Programming Language Methods for Compositional Security — Anupam Datta
Compositional security is a recognized central scientific challenge for trustworthy computing. Contemporary systems are built up from smaller components. However, even if each component is secure in isolation, the composed system may not achieve the desired endtoend security property: an adversary may exploit complex interactions between components to compromise security. Such attacks have shown up in the wild in many different settings, including web browsers and infrastructure, network protocols and infrastructure, and application and systems software. These lectures will report on progress on applying programming language methods to address this problem and will be divided into two parts:
Part I: Protocol Composition Logic
Protocol Composition Logic (PCL) is a logic for proving security
properties of network protocols that use public and symmetric key
cryptography. The logic is designed around a process calculus with actions
for possible protocol steps including generating new random numbers,
sending and receiving messages, and performing decryption and digital
signature verifcation actions. The proof system consists of axioms about
individual protocol actions and inference rules that yield assertions
about protocols composed of multiple steps. Although assertions are
written only using the steps of the protocol, the logic is sound in a
strong sense: each provable assertion involving a sequence of actions
holds in any protocol run containing the given actions and arbitrary
additional actions by a malicious adversary. This approach lets us prove
security properties of protocols under attack while reasoning only about
the actions of honest parties in the protocol. PCL supports compositional
reasoning about complex security protocols and has been applied to a
number of industry standards including SSL/TLS, IEEE 802.11i and Kerberos V5.
Part II: Logic of Secure Systems
We present a formal framework for compositional reasoning about secure
systems. A key insight is to view a trusted system in terms of the
interfaces that the various components expose: larger trusted components
are built by combining interface calls in known ways; the adversary is
confined to the interfaces it has access to, but may combine interface
calls without restriction. Compositional reasoning for such systems is
based on an extension of relyguarantee reasoning for system correctness
to a setting that involves an adversary whose exact program is not known.
It generalizes prior work on Protocol Composition Logic. At a technical
level, the approach is based on an expressve concurrent programming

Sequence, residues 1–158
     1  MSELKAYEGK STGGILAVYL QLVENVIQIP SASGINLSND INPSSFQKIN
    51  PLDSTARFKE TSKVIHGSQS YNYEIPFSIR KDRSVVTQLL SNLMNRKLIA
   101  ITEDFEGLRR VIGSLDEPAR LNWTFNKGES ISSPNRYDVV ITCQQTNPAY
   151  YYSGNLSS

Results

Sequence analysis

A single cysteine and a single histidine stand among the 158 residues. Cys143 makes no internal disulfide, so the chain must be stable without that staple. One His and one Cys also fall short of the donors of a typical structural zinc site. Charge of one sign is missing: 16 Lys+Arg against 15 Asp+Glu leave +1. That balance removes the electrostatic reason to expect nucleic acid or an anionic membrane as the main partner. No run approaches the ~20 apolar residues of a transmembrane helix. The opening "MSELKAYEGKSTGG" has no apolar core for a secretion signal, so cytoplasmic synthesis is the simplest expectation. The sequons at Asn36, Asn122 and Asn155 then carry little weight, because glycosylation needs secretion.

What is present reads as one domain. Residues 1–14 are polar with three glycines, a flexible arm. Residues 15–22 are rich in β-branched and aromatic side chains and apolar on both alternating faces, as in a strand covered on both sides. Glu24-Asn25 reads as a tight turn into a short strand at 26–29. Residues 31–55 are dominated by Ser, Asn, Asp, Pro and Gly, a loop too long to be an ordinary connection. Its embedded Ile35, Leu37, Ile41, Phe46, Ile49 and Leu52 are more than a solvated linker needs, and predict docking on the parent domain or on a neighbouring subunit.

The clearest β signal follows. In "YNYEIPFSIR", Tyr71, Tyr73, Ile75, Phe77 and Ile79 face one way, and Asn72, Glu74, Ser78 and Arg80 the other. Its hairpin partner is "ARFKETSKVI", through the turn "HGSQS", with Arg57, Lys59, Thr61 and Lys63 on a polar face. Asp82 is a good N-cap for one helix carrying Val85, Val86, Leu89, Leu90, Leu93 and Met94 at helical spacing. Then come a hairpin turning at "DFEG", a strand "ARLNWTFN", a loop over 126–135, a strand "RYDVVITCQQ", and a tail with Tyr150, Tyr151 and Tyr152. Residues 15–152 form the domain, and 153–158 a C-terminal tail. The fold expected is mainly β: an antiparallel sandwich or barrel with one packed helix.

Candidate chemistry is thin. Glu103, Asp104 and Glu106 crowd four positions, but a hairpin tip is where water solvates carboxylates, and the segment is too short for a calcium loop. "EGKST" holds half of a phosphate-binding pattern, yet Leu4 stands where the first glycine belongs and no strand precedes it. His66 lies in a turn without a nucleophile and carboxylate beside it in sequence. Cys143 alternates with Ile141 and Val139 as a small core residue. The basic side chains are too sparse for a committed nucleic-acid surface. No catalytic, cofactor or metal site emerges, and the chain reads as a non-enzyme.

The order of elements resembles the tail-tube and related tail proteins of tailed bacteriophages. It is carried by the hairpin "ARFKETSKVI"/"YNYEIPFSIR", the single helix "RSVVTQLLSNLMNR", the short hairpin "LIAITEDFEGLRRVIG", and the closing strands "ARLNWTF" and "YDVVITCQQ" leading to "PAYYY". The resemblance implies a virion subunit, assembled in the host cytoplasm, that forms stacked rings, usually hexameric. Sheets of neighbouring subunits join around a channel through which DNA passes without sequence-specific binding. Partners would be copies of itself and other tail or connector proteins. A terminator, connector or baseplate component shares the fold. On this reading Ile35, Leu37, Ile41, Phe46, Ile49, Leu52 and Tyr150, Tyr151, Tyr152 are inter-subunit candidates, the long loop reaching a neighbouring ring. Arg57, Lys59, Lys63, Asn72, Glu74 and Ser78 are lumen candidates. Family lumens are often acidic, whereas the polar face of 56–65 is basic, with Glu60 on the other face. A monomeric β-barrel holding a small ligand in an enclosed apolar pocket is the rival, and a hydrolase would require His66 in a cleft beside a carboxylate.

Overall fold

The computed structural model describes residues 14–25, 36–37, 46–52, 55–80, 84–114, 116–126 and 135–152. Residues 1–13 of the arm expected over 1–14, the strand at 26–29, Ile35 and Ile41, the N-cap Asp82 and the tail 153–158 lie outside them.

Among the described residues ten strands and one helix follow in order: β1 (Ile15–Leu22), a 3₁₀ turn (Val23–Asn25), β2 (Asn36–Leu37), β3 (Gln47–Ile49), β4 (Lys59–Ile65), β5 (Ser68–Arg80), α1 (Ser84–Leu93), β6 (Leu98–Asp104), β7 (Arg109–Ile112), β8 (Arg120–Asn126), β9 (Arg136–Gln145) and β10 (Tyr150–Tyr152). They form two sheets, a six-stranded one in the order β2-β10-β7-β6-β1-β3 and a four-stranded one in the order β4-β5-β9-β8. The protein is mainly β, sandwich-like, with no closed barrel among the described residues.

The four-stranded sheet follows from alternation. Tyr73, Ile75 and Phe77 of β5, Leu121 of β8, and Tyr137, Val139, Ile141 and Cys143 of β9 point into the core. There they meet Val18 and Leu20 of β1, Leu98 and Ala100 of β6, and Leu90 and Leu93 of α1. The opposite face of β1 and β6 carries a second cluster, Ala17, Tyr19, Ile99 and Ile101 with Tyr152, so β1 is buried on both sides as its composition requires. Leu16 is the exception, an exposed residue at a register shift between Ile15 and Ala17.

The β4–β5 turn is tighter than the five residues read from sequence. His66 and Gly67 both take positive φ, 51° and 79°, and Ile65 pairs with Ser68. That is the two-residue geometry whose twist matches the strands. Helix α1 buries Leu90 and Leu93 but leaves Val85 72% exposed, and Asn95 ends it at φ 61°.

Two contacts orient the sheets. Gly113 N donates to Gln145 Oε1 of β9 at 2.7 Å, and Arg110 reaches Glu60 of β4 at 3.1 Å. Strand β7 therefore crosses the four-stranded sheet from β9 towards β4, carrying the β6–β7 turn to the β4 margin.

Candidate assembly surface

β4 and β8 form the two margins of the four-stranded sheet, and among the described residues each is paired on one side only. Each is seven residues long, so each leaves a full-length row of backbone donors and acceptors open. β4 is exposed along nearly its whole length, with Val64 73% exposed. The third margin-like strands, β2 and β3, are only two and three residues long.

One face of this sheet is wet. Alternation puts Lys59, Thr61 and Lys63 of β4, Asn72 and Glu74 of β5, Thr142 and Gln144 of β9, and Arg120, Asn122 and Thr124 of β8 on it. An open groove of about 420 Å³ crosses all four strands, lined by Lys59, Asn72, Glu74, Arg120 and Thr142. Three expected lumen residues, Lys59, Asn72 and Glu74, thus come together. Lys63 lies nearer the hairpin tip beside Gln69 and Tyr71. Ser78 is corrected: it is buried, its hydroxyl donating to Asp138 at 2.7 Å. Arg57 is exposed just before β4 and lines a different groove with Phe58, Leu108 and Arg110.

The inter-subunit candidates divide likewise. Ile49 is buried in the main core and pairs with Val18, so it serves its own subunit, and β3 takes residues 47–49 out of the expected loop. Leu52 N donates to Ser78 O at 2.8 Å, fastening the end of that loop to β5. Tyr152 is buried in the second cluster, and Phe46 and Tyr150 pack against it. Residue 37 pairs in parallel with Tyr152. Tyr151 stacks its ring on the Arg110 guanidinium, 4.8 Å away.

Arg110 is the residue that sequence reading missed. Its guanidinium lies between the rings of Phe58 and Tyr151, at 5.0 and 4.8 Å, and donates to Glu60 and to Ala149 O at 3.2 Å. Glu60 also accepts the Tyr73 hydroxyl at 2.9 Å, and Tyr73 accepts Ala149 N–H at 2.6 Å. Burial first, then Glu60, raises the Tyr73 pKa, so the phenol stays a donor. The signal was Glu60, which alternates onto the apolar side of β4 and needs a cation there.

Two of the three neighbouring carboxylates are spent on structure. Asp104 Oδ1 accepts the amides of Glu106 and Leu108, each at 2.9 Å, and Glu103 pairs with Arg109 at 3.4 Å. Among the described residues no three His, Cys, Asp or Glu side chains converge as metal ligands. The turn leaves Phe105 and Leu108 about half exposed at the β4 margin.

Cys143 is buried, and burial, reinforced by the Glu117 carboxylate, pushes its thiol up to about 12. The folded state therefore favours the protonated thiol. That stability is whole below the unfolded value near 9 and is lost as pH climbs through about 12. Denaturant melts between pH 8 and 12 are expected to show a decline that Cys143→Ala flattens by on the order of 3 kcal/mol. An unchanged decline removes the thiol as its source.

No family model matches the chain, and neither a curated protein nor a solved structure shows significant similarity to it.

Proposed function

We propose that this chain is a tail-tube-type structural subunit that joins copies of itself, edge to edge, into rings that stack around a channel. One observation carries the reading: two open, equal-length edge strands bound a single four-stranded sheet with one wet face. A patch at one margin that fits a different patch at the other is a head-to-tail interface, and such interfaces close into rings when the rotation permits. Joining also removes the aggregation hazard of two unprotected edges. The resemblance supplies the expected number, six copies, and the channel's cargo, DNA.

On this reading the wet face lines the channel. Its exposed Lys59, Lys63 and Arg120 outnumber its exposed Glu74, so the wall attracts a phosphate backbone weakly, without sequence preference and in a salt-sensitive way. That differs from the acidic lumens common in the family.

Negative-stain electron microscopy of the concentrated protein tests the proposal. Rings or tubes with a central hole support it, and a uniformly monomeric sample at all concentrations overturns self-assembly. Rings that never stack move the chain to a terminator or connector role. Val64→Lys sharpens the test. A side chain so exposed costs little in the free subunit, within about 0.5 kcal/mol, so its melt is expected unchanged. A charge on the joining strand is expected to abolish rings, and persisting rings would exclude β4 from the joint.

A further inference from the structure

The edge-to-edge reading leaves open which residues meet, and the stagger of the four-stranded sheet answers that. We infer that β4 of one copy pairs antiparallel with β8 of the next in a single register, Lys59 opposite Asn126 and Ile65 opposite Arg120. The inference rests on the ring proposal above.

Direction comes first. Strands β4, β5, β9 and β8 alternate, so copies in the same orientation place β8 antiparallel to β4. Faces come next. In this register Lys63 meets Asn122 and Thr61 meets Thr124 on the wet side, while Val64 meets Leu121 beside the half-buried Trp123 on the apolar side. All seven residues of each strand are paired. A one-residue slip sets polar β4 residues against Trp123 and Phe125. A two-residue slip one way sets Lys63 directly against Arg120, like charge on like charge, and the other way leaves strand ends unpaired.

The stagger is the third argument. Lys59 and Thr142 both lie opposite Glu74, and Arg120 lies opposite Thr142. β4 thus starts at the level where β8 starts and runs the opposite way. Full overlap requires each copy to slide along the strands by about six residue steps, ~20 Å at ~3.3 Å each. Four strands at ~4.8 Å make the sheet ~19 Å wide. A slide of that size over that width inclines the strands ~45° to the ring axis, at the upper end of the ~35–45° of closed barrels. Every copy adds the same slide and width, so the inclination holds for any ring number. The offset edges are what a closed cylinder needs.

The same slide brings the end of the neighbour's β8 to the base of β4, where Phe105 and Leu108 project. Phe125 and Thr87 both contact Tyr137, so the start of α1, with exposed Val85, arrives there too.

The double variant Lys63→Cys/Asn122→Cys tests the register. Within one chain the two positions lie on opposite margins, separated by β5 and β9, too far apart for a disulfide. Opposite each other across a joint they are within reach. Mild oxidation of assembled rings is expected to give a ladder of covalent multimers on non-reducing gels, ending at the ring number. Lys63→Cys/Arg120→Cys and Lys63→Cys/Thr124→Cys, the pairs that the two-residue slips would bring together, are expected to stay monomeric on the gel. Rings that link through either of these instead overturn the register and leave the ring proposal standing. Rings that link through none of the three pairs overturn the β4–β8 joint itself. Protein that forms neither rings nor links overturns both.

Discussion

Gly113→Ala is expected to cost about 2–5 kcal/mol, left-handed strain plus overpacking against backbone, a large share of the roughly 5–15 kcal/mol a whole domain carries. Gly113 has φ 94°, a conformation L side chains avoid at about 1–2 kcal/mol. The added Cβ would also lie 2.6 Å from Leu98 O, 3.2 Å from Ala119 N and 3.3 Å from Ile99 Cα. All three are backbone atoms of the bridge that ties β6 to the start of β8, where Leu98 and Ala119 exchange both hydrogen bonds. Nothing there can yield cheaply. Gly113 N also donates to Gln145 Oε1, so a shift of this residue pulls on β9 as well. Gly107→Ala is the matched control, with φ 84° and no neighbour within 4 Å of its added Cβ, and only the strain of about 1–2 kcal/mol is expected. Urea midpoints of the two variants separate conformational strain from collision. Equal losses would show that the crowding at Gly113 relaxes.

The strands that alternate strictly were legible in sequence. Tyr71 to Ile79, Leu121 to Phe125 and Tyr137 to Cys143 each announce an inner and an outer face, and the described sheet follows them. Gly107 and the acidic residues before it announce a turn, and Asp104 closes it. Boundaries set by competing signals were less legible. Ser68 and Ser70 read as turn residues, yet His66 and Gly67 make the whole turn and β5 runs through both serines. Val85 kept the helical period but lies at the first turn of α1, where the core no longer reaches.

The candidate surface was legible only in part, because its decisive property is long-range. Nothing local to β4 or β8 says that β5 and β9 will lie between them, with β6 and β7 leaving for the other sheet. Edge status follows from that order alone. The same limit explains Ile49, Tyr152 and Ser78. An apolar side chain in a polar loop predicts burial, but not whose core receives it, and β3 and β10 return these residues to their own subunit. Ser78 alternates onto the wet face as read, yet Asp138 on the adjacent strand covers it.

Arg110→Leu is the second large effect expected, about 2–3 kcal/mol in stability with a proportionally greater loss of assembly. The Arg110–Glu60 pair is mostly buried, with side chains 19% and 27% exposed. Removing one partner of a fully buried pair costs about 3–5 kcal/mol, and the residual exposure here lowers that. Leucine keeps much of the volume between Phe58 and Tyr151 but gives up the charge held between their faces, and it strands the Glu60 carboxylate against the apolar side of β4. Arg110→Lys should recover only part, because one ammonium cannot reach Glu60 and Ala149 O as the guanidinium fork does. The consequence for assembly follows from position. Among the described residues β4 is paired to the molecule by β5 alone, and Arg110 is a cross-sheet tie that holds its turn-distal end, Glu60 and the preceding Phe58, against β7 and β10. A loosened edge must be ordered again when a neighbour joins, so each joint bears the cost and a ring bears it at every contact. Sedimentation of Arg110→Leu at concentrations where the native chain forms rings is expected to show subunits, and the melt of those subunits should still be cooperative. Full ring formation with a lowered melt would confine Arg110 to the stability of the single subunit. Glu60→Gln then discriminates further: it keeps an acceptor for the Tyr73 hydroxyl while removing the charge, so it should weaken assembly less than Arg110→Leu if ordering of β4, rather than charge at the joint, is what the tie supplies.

language with recursive functions for modeling interfaces and a logic of programs in
which compositional reasoning principles are formalized and proved sound
with respect to trace semantics. The methods are applied to representative
examples of webbased systems and network protocols. As a running example,
we consider an example mashup system and present a modular proof of
integrity in the presence of a class of interfaceconfined adversaries. We
also demonstrate the generality of our methods by presenting a modular
proof of symmetric key Kerberos V5 in the presence of a symbolic adversary.
References:

A. Datta,
A. Derek,
J. C. Mitchell,
A. Roy,
Protocol Composition Logic (PCL),
in
Electronic Notes in Theoretical Computer Science (Gordon D. Plotkin Festschrift)
, 2007.

A. Roy,
A. Datta,
A. Derek,
J. C. Mitchell,
J.P. Seifert,
Secrecy Analysis in Protocol Composition Logic,
book chapter in
O. Grumberg, T. Nipkow and C. Pfaller (Editors),
Formal Logical Methods for System Security and Correctness,
Volume 14
NATO Science for Peace and Security Series 
D: Information and Communication Security
,
IOS Press,
March 2008.

D. Garg,
J. Franklin,
D. Kaynar,
A. Datta,
Compositional System Security with InterfaceConfined Adversaries,
to appear in
Proceedings of 26th Annual Conference on Mathematical Foundations of Programming Semantics, Electronic Notes in Theoretical Computer Science
,
May 2010.

Course web page:
Foundations of Security and Privacy at CMU
Proving a Compiler: Mechanized Verification of Program Transformations and Static Analyses — Xavier Leroy
Formal semantics of programming languages supports not only reasoning over individual programs (program correctness), but also reasoning over program transformations and static analyses, as typically found in compilers (tool correctness). With the help of a proof assistant, we can prove semantic preservation properties of program transformations and semantic soundness properties of static analyses that greatly increase the confidence we can have in compilers and program verification tools.